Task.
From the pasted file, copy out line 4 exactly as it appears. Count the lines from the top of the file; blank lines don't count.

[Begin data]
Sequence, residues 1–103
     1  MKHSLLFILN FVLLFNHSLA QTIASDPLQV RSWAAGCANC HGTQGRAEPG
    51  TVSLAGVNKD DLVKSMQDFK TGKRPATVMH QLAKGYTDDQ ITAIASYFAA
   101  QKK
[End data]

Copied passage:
   101  QKK